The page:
Wednesday, September 2, 2020

Capitalized to meet Housing Need in 1920, Home Building Project Failed after Six Months

"Salem residents themselves caused the Salem Home Builders Association to fail. Salem people made a big flurry about wanting homes - but as soon as they discovered it would cost something to build them, they backed out....When people found they had to pay 20 per cent down, they lost interest and backed out."

So said Fred Legg, local architect and manager of the short-lived Salem Home Builders Association, in September of 1920, blaming Salemites as users, buyers, and creators of any demand.

September 3rd, 1910
From the newspaper alone it may not be possible to say exactly why the company failed, and it would be necessary to compare its organization horizontally to similar enterprises in other cities and states and vertically to any other Salem project at a different time.

That is not possible at the moment, so this is merely a snapshot, but it is a small piece of historical evidence that the market and private enterprise alone cannot supply meaningful quantities of affordable housing. Even in the laissez-faire world of 1920, something wasn't workable about the enterprise.

September 1st, 1920
In an editorial a couple of days before the blaming, the afternoon paper agreed that "the housing question has got beyond private capital and that government assistance...must be forthcoming....unless some construction program of federal, state, and community co-operation is speedily forthcoming, the housing problem will become a serious factor in public welfare, contributing incessantly to social unrest."

The project started in the fall of 1919. Rents and housing costs were up, apartment homes and houses were in short supply. The solution was obviously to build more housing.

A plan to aggregate capital to fund construction by selling subscriptions to Salemites seemed promising, a sure-fire investment opportunity, a win for the business community and a win for small-scale Salem investors supporting home industry.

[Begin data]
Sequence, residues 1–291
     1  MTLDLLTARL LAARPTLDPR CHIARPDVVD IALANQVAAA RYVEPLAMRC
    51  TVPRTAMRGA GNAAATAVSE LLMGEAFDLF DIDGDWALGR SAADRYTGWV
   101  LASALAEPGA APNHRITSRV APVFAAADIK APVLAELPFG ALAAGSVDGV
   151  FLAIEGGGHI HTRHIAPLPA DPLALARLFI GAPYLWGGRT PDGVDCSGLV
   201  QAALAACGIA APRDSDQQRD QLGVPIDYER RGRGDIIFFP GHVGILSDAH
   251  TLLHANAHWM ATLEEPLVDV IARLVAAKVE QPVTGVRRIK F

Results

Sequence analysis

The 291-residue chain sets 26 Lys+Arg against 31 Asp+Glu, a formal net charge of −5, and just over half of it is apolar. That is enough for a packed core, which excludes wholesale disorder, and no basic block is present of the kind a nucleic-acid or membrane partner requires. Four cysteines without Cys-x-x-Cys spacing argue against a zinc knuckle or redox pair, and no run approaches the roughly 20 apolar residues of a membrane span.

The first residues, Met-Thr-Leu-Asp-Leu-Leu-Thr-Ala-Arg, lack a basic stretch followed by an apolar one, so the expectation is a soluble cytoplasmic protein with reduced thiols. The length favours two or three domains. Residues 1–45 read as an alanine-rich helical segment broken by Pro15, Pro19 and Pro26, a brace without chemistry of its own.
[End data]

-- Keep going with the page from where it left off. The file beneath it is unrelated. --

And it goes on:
October 23rd, 1919
The goal was to incorporate with a quarter-million.

October 30th, 1919
November 7th, 1919
December brought a false start, and things seemed better in January.

December 8th, 1919
January 23rd, 1920
January 23rd, 1920
 Still, even after editorials promoting it, they only got promises for $50,000.

February 5th, 1920
March 16th, 1920
And after a half year, the paper called it "the most monumental fizzle of the year."

August 23rd, 1920
They observed "about the city, people are living in tents, waiting in vain to secure a house or apartment."

September 25th, 1920
By the end of the month, the Association announced plans to liquidate.

It's hard to say what the "lack of proper co-operation" really indicated. Perhaps Commercial Club members saw a bit of a grift at first, and backed out when it did not seem so profitable after all. The down payment requirements would also limit buyers, who might instead be able only to rent. There were probably multiple dimensions of over-expectation.

Maybe there will be more to say later. (Perhaps readers will know something about other home building associations, also, and be able to fill in with other historical detail.)

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